Children were school-age, with a median of 11 years of age.

    Does deworming improve child health and other welfare outcomes?

    Mass deworming for soil-transmitted helminths compared to placebo probably has little to no effect on nutritional status or cognitive development (moderate certainty evidence). Children with moderate to heavy intensity infections of A Lumbricoides or T Trichiuria may experience greater weight gain (very low certainty evidence). No other differences in effects were found across age, sex or baseline nutritional status.

    Findings are consistent for studies at low risk of bias and for other methodological considerations such as completer analyses. There was no trend in effect according to publication year, baseline A Lumbricoides prevalence or T Trichuria prevalence in the full dataset of 29 studies. Higher baseline hookworm prevalence was weakly associated with greater effects of STH deworming.

    What are the implications of this review for policymakers and decisionmakers?

    This analysis replicates the prior findings of small effects of mass deworming at the population level. In areas where there are children with moderate to heavy intensity infections, which are increasingly uncommon, mass deworming may be beneficial, but this analysis was limited by the small number of children with heavy intensity infections in this sample (fewer than 1,000).

    In areas with light intensity infections, mass deworming programs probably have very small effects on weight for these children and additional policy options need to be explored to improve child health and nutrition in these areas.

    What are the research implications of this review?

    This analysis was severely limited by not being able to obtain individual participant data for many older studies, which may have included children with heavier intensity infections. Greater adoption of calls for open, structured data from trials could maximize the benefit of research to understand effects in the most vulnerable and marginalized populations within these trials.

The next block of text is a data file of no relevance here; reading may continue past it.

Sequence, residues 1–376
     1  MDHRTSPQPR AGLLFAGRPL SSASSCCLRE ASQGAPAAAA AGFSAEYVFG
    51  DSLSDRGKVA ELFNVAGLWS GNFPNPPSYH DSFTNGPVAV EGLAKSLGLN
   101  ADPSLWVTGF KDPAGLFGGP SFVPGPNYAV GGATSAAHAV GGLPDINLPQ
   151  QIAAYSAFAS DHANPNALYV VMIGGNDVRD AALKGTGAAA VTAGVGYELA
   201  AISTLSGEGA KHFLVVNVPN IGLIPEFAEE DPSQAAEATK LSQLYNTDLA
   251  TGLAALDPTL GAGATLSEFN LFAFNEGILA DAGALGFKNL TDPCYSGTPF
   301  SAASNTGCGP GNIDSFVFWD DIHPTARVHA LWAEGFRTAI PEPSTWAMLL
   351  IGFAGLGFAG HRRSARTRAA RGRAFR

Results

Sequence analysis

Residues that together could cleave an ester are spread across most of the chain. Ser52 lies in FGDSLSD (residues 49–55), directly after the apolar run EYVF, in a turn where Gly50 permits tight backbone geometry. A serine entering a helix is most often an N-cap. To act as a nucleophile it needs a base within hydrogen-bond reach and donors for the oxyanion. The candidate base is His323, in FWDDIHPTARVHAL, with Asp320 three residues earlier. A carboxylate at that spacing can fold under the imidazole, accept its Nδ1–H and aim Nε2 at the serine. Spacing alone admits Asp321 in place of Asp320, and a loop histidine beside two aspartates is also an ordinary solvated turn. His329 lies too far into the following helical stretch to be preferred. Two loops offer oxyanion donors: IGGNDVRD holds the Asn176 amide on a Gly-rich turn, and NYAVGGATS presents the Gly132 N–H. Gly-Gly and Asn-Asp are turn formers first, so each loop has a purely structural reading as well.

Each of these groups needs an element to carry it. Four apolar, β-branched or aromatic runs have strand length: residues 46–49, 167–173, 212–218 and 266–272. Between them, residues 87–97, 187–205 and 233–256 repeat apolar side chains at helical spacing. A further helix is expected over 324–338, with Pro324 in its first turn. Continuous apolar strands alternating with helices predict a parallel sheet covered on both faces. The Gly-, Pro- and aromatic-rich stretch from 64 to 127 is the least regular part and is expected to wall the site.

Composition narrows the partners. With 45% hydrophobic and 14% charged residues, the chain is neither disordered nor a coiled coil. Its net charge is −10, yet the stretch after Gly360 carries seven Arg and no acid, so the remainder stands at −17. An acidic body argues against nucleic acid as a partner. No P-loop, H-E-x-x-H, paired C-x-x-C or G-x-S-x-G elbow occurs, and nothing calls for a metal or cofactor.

How up-to-date is this review?

    The review authors searched for studies up to March 2018.

Food supplementation for improving the physical and psychosocial health of socio-economically disadvantaged children aged three months to five years
  • Authors Elizabeth Kristjansson, Damian K Francis, Selma Liberato, Maria Benkhalti Jandu, Vivian Andrea Welch, Malek Batal, Trisha Greenhalgh, Tamara Rader, Eamonn Noonan, Beverley J. Shea, Laura Janzen, George A. Wells, Mark Petticrew
  • Published date 2015-05-04
  • Coordinating group(s) International Development, Nutrition, Social Welfare
  • Type of document Review Plain language summary
  • Title Food supplementation for improving the physical and psychosocial health of socio-economically disadvantaged children aged three months to five years
  • Library Image Library Image
  • See the full review https://onlinelibrary.wiley.com/doi/10.4073/csr.2015.11
  • Records available in English, Spanish
  • English

    PLAIN LANGUAGE SUMMARY

    Food supplementation is more effective if better targeted and supervised

    Supplementary food has a small effect on nutritional outcomes. It is more effective for younger and poorer children, when provided in day-care or feeding centres than as take home rations, when the supplemental food provides higher energy and when there is stricter program supervision. There is a positive effect on psychomotor development, but no clear evidence of an effect on cognitive development.